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Book Review: Behind Chocolate Bars by Kathy Aarons

Updated on December 5, 2019

Whether this was intended to be the last installment in the Chocolate Covered Mysteries is hard to say, since the ending is left open.

Anyway, in this installment, Michelle and Erica are getting ready for the Halloween festivities in West Riverdale when one of their younger employees, Dylan Fenton, is accused of the murder of Faith Monette.

Dylan, who's a high school student, has been having a hard time lately since his parents divorced and his mother moved to Florida with the high school soccer coach. He'd been skipping school to avoid comments by his classmates and with working at Chocolates and Chapters, he's also been able to keep up with the latest comic books that have delivered,

The police found a key ring belonging to Dylan at the scene of the grisly murder (which by crimozy standards was pretty brutal) and now the crime solving duo are out to clear Dylan, but will his friends be able to help him as well, or are they covering something up that proves Dylan is actually the killer?

One of the good things about this installment, is author Kathy Aarons delves into the world of catfishing, something that I haven't read in past cozies. She does an excellent job of how Faith created multiple accounts and even though Faith is dead, she manages to bring her back to life when the girls are questioning various people (who knew the deceased under different names).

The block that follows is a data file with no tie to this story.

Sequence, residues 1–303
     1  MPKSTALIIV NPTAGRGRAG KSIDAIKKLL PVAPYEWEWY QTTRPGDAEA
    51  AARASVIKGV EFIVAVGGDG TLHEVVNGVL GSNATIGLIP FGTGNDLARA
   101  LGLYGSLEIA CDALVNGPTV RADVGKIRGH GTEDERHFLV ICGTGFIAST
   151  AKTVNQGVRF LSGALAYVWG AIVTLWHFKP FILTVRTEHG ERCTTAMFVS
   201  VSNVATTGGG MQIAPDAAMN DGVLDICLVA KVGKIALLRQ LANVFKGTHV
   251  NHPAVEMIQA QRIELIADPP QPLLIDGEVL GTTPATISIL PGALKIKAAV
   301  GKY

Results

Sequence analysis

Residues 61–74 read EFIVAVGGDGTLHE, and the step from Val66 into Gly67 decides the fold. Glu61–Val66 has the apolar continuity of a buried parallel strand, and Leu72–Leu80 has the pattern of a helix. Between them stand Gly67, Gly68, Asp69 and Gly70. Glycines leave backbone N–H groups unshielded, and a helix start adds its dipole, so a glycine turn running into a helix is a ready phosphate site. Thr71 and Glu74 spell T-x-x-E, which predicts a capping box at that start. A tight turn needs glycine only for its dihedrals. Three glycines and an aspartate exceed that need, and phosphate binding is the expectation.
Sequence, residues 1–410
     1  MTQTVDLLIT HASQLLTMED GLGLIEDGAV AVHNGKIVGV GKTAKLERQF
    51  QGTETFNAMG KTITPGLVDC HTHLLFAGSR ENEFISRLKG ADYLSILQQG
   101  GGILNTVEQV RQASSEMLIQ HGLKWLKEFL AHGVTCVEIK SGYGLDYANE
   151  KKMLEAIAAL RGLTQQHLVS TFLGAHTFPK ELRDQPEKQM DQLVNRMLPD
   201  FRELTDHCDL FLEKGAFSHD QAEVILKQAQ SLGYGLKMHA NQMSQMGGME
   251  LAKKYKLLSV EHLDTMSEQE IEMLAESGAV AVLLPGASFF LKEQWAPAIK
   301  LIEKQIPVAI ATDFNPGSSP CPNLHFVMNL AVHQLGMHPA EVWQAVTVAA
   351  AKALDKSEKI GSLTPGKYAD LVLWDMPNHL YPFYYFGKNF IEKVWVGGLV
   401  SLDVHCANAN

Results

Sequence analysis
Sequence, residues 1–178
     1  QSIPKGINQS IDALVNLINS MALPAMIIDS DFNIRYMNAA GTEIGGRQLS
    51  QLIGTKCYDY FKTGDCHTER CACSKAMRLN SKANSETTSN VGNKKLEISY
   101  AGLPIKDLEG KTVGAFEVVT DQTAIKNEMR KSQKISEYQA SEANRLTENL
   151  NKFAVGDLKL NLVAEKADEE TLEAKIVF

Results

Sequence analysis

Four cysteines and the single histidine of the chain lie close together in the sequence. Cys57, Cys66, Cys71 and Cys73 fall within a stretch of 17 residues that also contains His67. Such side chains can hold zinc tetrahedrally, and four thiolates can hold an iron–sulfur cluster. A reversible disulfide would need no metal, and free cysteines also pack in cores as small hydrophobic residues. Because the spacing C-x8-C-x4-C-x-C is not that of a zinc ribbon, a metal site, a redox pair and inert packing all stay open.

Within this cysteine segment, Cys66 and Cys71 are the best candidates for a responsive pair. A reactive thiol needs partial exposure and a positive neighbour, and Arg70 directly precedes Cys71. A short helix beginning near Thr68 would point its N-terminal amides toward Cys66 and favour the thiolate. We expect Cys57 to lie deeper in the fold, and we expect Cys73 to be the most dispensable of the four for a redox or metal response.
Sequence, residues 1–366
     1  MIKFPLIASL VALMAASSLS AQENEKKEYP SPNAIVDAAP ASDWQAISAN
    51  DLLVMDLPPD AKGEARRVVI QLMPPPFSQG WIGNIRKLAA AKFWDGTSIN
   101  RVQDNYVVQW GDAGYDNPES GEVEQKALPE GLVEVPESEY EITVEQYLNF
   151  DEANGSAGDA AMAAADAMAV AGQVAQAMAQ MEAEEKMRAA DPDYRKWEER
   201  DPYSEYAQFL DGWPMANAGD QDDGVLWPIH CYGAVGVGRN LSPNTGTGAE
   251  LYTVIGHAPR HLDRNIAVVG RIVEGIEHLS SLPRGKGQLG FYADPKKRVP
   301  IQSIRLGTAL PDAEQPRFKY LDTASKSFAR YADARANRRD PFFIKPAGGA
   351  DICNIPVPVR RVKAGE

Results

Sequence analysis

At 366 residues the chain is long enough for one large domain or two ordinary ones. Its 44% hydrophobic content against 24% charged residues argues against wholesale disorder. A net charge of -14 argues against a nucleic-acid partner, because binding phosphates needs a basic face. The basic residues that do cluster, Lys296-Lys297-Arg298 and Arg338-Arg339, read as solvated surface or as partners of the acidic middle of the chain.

But, for everything positive, there has to be a negative and as with the first two installments, there are too many characters introduced early in the story, and then throughout a few more are sprinkled in. Some of the characters are never heard from again, which can be confusing.

Overall, the flow is good and again, I know that there's something missing, but again, I could not put my finger on what it was. I think Aarons was trying to add some comedy into the story (the character of Reese Everhard has been the one stand out throughout the series and does come across as comic relief) but when she tries to put other characters into comedic situations, it sort of falls flat. There are a few good one liners, but the characters are really too serious.

Unfortunately, too, as you're reading, you might get a craving for chocolate and as in the past, there are a couple of chocolate recipes at the end, but not enough to satisfy the sweet tooth that's been building in your mouth.


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